What should district do with the Vail Lake RV park?

Rancho Water board mulling options, including leasing it to a company or making multi-million dollar upgrades to the property and bringing in a vendor to run it on a concession agreement.

Rancho California Water District board members are still trying to figure what to do with the Vail Lake RV park, a vacation destination that used to be known as Butterfield Country in the 1970s.

The options that are being considered are selling it to the highest bidder, paying for upgrades and hiring new district staffers to run it, paying for upgrades and paying a vendor to run it or leasing it to a company that would pay for the repairs and pocket the bulk of the revenue it generates.

On Wednesday, the board, which features two new members who were elected in the district’s late August election, debated the various ideas in a workshop setting, which will be followed by a formal vote at a future meeting.

Although hiring new staffers would give the district the most control over the property — which abuts a body of water the district uses as a reservoir — the board seemed reluctant to seriously consider that idea because it would entail forming a new division from scratch.

The most popular idea was keeping the property and leasing it to a company that would pay to rehab the property, which needs around $15 million in upgrades, to turn it into an amenity for the community.

But before that happens, some members of the board — notably Director Danny Martin and President Ben Drake — said the property needs to be appraised.

Once the district figures out what the property is worth, Martin argued, it can enter into serious lease negotiations with a company and make sure the district is getting the most money possible for ratepayers.

Last summer, the board voted 5-2 to start lease negotiations with the California Parks Company, a Red Bluff-based company that operates recreation activities at Diamond Valley Lake, Lake Hemet and Lake Perris, among others.

Those negotiations were shelved after the election, which resulted in two of the five people who voted in favor of California Parks losing their seats on the board.

If the new board decides to once again seek out companies interested in leasing the property, it may go about it in a different way.

Board Vice-President Bill Wilson said he’d like to see detailed proposals from each company that would give the board a better idea of what they planned to do with the property, which includes 467 RV slips, marina, snack bar, 15 permanent structures, a swimming pool and water slide, cafe, arcade, basketball court and mini-golf course.

California Parks has been working as an interim manager of the property, which is now called the Vail Lake RV Resort, since the district purchased the land surrounding the lake in a bankruptcy proceeding in 2015 for $50 million. The previous operator ran the resort as a members-only club.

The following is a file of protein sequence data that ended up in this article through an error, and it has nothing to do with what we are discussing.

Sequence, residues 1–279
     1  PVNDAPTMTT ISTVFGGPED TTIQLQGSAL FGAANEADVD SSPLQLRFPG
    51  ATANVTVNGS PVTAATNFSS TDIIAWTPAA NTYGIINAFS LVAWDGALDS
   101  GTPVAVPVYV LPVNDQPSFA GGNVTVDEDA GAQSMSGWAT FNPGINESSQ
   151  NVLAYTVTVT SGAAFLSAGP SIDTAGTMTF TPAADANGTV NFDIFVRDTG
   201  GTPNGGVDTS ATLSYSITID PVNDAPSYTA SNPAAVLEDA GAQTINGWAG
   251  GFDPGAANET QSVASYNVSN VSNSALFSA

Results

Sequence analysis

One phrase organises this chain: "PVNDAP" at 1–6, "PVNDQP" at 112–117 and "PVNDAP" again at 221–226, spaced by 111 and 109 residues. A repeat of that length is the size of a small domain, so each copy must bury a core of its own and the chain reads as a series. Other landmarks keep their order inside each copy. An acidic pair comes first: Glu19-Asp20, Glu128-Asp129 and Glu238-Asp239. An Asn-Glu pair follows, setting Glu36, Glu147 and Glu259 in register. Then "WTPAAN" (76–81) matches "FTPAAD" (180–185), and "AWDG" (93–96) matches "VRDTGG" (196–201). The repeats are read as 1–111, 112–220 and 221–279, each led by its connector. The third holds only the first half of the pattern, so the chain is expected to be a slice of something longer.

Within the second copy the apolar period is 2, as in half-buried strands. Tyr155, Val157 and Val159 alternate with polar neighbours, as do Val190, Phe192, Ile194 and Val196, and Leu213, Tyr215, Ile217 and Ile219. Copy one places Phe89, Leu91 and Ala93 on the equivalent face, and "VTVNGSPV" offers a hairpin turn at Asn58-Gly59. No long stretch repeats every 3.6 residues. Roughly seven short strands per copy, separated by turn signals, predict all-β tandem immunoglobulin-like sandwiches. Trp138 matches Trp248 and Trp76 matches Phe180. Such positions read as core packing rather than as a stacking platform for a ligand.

After the district stepped in, the rules were loosened and the resort was opened up to members of the public who wanted to pay to camp, fish or visit for the day, a setup similar to the 1970’s version of the resort when it was branded as Butterfield Country.

During their interim stewardship, California Parks made some renovations — new patio tables and umbrellas and upgrades to some of the buildings that had fallen into disrepair — but there are a lot of unchecked boxes on the resort’s “to do” list: buildings that should be torn down and replaced and amenities, such as the pool and tennis courts, that need overhauls.

The district purchased the property, in part, to safeguard and boost its supply of local water, which is much cheaper than imported water. Under previous management, the park was a comparatively free-wheeling place that hosted an artists’ menagerie of metal sculptures and extreme races such as Tough Mudder and Spartan.

It has become a more peaceful area — for better or worse depending on your worldview — under Rancho’s control, which included ending deals with the operators of extreme races and asking the artist to vacate district property.

The water level at Vail Lake fell drastically after the district tapped it to avoid the high cost of imported water a few years ago, a drop that led the district to scrap boat launches at the property’s marina in early 2017.

The water level has rebounded since but access to the lake was severed during a recent storm, which knocked out the dirt bridge from the RV resort. The district has not announced a timeline for repairs to the bridge or the resumption of boat launches at the lake.

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